git --newbie-mode-on

git is great. Powerful and fast, and amazingly good at merging, etc. However, people new to git, or people who used to use Subversion and now have to use git because it's more popular, can quickly end up bringing havoc into the repo.

It's not something that cannot be "fixed" by reverting back to a "good" commit, but just basically un-gitty habits that get a repository into a messy bunch of obscure commits.

Maybe git should add a new feature that would detect if a user is new to git. Or maybe all new git installations would default to enabling that by default, and git will reveal to you the command line switch to disable --newbie-mode-on only after you've behaved properly for a while. For example:

$ git commit -m 'implemented feature #1000'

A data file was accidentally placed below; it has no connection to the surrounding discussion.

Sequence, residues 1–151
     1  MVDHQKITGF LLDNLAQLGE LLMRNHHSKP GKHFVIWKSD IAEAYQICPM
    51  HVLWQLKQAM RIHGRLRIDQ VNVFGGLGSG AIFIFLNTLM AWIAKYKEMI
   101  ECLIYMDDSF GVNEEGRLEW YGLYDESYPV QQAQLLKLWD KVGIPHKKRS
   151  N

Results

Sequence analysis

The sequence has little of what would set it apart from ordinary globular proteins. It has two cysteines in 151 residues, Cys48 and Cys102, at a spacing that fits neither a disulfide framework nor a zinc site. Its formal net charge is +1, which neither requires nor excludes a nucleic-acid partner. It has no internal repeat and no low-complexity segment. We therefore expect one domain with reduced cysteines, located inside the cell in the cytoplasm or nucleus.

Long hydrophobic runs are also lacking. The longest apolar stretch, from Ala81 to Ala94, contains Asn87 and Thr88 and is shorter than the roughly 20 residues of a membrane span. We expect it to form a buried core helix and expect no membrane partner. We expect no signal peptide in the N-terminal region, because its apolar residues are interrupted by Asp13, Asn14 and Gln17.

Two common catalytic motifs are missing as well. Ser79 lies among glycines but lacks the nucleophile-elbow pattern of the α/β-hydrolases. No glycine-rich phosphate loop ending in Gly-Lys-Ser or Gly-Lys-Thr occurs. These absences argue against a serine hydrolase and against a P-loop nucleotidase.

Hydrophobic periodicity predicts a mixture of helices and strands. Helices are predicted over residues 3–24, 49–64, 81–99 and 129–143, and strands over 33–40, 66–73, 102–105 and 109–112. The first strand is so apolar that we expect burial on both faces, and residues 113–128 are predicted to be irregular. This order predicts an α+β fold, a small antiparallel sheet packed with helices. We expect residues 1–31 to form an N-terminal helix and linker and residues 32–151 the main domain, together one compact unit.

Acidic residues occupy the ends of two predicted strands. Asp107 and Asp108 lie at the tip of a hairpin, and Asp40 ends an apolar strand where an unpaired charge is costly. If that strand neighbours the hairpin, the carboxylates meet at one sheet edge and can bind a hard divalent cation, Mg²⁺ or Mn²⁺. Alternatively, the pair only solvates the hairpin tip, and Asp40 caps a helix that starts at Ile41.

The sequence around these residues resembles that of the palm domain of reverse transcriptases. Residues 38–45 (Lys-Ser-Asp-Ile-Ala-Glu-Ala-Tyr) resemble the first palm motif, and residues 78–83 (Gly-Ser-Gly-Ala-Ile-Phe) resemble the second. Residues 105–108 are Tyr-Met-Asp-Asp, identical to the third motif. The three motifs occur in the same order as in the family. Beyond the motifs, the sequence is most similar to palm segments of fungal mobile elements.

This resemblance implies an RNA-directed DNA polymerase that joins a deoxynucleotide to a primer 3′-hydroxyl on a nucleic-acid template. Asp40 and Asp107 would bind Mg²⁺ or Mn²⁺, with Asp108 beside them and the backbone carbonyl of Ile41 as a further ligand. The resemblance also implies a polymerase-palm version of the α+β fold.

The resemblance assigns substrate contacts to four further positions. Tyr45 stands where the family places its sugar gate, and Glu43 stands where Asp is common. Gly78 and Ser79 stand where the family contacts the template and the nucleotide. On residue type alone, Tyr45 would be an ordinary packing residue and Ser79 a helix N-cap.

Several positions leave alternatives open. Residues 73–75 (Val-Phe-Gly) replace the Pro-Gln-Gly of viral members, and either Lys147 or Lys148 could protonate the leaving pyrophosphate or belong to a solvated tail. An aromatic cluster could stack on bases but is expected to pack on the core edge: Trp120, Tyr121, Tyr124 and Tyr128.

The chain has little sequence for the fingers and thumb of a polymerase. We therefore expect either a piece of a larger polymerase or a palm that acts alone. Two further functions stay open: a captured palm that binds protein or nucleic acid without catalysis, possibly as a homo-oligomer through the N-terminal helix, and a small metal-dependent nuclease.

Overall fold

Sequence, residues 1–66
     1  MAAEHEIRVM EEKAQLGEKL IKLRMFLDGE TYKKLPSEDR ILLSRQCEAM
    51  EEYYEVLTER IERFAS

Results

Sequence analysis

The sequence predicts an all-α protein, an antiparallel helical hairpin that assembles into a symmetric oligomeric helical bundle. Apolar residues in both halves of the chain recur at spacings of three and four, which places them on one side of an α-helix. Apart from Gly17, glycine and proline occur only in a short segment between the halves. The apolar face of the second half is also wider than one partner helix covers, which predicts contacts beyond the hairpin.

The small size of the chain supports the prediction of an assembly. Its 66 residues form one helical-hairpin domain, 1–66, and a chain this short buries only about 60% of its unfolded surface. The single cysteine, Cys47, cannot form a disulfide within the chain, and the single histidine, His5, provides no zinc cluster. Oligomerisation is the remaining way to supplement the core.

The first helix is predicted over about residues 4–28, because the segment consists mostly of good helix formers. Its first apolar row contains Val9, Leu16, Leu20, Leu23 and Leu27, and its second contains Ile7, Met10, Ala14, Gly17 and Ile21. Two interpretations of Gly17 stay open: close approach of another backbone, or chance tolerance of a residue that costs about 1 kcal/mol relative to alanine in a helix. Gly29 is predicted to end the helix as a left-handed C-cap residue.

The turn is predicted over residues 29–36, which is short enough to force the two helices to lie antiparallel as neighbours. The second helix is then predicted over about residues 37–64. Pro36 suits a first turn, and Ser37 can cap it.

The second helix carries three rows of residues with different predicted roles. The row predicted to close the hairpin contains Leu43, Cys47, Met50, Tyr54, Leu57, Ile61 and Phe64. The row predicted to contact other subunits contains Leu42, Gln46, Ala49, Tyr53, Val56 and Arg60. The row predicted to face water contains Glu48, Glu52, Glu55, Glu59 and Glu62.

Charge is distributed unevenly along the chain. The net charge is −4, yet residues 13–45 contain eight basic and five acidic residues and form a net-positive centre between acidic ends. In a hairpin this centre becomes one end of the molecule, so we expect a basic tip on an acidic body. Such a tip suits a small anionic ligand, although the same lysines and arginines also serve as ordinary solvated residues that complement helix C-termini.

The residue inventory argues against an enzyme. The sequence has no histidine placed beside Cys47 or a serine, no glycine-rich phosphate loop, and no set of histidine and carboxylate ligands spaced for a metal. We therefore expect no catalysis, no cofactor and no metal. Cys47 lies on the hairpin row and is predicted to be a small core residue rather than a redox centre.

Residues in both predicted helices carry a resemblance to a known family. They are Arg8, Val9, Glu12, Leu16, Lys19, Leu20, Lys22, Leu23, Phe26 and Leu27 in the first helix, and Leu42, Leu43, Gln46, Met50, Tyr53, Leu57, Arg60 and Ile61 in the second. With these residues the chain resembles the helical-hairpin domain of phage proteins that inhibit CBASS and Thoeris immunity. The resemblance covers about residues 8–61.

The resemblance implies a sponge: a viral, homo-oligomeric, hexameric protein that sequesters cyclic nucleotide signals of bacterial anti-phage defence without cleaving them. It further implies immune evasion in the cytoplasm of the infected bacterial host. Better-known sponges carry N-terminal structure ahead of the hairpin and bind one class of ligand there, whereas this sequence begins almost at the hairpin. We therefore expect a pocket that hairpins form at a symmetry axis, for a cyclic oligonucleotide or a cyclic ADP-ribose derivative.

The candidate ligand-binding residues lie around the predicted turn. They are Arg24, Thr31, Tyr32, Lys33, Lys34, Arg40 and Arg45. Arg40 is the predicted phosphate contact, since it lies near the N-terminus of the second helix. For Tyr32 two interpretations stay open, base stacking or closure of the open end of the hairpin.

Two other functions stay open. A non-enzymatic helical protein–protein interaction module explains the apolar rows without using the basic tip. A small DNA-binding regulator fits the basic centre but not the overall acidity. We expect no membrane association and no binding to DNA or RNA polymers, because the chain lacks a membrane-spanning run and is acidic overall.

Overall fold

[master 96f0ea4] implemented feature #1000
 1 files changed, 1 insertions(+), 1 deletions(-)


You just unlocked the advanced mode.

You're not a newbie anymore.

If you need to reinstall your system, but don't want to go back
to newbie mode, use the following command to unlock it:

$ git ******************************

When in newbie mode, git would refuse commits that matched one or more of the following characteristics:

  • a commit with too many files (probably a sign that the commit corresponds to many different new functionalities)
  • attempts to commit or push to master, instead of to a feature branch
  • has a too short commit message, or no message at all
  • or the commit message is gramatically/syntactically incorrect
  • with left over debugger; statements (or equivalent for the detected programming language)
  • has abundant console.* calls (or equivalent: for example: printf)

I'm pretty sure something like this could be implemented with some sort of git hook. Feel free to use the idea :-P